The U.K. has 162 billion pounds of securities due 2042 and beyond, according to Bloomberg data. The last maturity is in 2062. Britain has never sold a 100-year bond and has about 2.7 billion pounds of so-called perpetual gilts, which never mature, outstanding, according to the DMO website. The 3.5 percent War Loan, first issued in 1917, makes up 1.9 billion pounds of this total.
The 1720 South Sea Bubble was an early disaster of English stock speculation, which saw its victims, including mathematician Isaac Newton, first become rich before being ruined. The following year, Chancellor of the Exchequer John Aislabie was imprisoned in the Tower of London for his part in the scandal.
Among other sovereigns, Mexico sold $1 billion of 100-year bonds overseas in August, taking advantage of a plunge in benchmark U.S. borrowing costs.
U.S. railroad operator Norfolk Southern Corp. sold $250 million of 100-year bonds in August 2010 in the first corporate securities of that maturity since 2005. Demand for longer-maturity debt enabled the University of Southern California to sell $300 million of 100-year bonds a year later, Bloomberg data show.
In May last year, Massachusetts Institute of Technology, which counts Federal Reserve Chairman Ben S. Bernanke and former U.S. Treasury Secretary Lawrence Summers as alumni, sold $750 million of taxable 100-year bonds to help finance expansion.
A U.K. issue may be sold through a syndicate of banks, rather than by auction, Wraith said.
“The case for doing a 100-year gilt by syndication is very clear,” he said. “You need the price discovery process, and you need the deal managers to find out where the demand is.”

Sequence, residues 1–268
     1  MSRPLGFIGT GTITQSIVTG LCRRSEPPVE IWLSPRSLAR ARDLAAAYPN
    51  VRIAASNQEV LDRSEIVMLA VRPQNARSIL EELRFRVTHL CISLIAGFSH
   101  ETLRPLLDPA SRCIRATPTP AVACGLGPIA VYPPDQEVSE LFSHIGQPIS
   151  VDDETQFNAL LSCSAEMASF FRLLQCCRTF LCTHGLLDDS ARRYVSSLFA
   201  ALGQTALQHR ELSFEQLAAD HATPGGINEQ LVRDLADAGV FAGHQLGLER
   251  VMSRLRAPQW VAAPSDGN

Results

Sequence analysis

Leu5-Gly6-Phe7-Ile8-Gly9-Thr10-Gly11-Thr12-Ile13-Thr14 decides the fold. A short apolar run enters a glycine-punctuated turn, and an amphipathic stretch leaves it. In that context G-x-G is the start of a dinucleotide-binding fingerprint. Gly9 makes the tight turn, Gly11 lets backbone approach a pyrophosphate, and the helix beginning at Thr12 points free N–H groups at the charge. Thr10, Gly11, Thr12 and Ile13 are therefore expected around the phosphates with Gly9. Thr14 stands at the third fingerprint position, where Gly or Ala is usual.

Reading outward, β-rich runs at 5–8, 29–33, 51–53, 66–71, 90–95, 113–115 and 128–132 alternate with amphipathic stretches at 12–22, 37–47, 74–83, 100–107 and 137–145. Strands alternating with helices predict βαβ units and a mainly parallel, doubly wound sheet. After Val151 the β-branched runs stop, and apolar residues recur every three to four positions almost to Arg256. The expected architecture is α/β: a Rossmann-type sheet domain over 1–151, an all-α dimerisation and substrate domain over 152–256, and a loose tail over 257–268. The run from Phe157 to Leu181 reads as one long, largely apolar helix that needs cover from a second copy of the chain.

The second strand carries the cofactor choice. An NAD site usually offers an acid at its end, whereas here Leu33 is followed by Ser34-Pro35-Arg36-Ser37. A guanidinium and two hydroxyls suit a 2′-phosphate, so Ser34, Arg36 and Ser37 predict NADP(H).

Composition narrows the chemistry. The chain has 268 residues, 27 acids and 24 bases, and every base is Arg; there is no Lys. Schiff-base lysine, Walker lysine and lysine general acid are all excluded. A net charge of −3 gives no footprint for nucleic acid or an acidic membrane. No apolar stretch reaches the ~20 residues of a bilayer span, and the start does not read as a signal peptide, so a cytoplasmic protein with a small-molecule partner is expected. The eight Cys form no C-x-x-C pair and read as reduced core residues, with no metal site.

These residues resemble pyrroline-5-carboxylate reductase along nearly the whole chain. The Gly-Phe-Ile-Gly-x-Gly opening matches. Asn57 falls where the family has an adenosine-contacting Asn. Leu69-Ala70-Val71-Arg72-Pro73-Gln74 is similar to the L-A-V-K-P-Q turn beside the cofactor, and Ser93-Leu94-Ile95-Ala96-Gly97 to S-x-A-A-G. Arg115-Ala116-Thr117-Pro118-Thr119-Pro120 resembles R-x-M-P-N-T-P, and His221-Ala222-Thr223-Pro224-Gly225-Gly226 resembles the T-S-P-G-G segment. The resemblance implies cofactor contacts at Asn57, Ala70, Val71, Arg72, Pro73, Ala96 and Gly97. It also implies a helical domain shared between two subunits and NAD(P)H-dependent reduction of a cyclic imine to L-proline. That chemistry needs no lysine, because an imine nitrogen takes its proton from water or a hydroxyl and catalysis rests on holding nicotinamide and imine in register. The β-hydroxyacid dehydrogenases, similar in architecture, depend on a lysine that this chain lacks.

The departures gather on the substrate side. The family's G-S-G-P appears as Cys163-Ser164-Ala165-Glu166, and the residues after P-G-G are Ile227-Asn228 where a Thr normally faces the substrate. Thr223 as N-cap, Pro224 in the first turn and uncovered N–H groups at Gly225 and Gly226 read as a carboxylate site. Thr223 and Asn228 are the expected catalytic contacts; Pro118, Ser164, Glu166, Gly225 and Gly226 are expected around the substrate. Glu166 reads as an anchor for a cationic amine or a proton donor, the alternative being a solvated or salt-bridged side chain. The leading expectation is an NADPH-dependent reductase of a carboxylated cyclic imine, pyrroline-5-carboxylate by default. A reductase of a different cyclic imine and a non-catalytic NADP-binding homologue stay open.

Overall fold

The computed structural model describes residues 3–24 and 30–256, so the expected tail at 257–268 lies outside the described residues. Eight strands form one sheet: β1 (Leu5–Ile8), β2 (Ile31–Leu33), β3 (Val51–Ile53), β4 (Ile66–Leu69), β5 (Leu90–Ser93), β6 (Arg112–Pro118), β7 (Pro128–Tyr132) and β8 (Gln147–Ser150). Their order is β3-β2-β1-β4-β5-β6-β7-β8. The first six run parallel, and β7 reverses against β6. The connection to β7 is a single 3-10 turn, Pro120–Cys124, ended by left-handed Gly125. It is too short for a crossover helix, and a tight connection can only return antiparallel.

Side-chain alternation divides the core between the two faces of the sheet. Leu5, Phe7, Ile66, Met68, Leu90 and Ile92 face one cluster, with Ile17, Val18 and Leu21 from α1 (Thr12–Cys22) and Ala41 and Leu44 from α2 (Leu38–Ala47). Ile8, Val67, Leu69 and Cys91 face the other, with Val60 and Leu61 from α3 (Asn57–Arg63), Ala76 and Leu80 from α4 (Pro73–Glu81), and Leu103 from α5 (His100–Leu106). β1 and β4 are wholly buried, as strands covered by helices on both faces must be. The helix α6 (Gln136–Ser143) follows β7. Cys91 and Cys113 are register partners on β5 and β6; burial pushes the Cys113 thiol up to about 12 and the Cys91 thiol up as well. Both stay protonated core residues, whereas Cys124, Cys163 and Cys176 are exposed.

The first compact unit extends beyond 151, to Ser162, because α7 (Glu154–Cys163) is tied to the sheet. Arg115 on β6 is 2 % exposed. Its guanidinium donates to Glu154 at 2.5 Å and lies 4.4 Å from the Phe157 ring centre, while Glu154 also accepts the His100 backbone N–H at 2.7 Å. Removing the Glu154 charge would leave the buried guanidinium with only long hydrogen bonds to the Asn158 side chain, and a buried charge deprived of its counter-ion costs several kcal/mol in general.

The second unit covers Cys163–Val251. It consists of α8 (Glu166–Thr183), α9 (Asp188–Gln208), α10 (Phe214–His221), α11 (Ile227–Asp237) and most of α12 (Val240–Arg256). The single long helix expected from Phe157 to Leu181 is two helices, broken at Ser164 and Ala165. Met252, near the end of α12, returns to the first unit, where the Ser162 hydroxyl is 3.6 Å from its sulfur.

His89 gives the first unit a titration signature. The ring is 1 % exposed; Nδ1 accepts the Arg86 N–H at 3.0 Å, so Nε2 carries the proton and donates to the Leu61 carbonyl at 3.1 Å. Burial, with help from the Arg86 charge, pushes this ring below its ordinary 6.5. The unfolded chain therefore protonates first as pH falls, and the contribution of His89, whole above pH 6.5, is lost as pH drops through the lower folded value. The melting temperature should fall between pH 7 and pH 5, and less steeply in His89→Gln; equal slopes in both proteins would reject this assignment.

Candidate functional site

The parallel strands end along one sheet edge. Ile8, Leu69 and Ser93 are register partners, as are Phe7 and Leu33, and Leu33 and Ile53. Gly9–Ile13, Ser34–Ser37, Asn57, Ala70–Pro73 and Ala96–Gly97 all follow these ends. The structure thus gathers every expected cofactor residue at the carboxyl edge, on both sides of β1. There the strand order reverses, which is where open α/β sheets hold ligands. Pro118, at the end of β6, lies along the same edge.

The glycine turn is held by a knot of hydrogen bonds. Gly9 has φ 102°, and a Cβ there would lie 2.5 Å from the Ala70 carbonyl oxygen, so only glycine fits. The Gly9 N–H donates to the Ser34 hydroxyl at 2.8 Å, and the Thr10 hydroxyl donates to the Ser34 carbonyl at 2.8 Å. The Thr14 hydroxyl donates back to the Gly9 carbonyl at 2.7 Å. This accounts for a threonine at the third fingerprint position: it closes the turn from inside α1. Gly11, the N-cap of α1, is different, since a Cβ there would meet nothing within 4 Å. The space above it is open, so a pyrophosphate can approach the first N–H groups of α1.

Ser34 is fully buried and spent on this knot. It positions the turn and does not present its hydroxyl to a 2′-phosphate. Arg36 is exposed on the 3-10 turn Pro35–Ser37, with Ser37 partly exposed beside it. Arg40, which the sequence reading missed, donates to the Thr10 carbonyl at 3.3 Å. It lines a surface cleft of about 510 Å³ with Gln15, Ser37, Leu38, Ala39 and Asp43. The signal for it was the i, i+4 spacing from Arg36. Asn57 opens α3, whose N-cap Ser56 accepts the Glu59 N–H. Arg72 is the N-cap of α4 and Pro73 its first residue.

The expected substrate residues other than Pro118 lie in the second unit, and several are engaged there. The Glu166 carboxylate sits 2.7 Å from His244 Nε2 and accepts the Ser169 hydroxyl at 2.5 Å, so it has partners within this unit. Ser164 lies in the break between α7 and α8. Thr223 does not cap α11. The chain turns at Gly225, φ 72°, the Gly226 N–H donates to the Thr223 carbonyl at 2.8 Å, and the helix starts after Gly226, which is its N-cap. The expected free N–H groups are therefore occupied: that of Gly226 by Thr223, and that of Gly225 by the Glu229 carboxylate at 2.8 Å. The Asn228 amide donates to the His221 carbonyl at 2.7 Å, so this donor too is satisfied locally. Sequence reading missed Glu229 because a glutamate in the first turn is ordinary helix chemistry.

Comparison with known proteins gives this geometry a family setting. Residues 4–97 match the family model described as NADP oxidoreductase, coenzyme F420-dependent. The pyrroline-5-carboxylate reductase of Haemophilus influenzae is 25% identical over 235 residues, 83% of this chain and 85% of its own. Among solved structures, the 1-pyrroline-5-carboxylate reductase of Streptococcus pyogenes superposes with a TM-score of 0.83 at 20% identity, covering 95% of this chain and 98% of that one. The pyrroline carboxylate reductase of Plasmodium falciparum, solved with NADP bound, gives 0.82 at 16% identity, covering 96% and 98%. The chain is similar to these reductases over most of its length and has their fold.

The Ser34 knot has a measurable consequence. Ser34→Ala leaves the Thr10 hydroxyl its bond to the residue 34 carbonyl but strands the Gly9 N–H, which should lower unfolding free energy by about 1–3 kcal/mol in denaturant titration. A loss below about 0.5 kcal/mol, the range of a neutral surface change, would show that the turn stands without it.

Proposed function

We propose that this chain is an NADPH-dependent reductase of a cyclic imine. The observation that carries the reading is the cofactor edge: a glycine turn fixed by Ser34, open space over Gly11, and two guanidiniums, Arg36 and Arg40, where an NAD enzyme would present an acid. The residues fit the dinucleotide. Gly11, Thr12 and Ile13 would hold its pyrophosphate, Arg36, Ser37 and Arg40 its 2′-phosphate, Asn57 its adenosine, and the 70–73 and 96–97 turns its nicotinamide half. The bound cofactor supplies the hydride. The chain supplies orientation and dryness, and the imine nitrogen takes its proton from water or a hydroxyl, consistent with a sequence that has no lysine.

Rachel Reeves, an opposition Labour Party lawmaker who speaks on budget matters, said in an e-mailed statement that “we will look hard to see if this proposal actually delivers value for money for the taxpayer.”
Next week’s budget will focus on the benefits to taxpayers of Britain’s low borrowing costs, according to the people familiar with the budget preparations. The Office for Budget Responsibility will say next week that a 1 percentage-point increase in gilt yields would cost the taxpayer a cumulative 20 billion pounds in interest payments by 2017.
On March 20, the Treasury will publish final details of how its credit-easing program will work. Officials are finalizing contracts with a broad range of institutions. The program aims to provide finance for small- and medium-sized companies struggling to obtain bank loans.
The budget is close to being signed off by the “quad” of senior ministers who conduct negotiations on behalf of the two parties in the coalition government. They’re Osborne and Prime Minister David Cameron for the Conservatives and Deputy Prime Minister Nick Clegg and Chief Secretary to the Treasury Danny Alexander for the Liberal Democrats, the junior partner.
The quad met March 12 and may meet again on March 16, when Cameron and Osborne have returned from the U.S. It will meet for the final discussion of the budget next week.
All items with significant costs attached must be submitted to the OBR by the end of March 16. The OBR is a nonpartisan body of economists set up after the 2010 general election to oversee forecasting for the Treasury and monitor the public finances.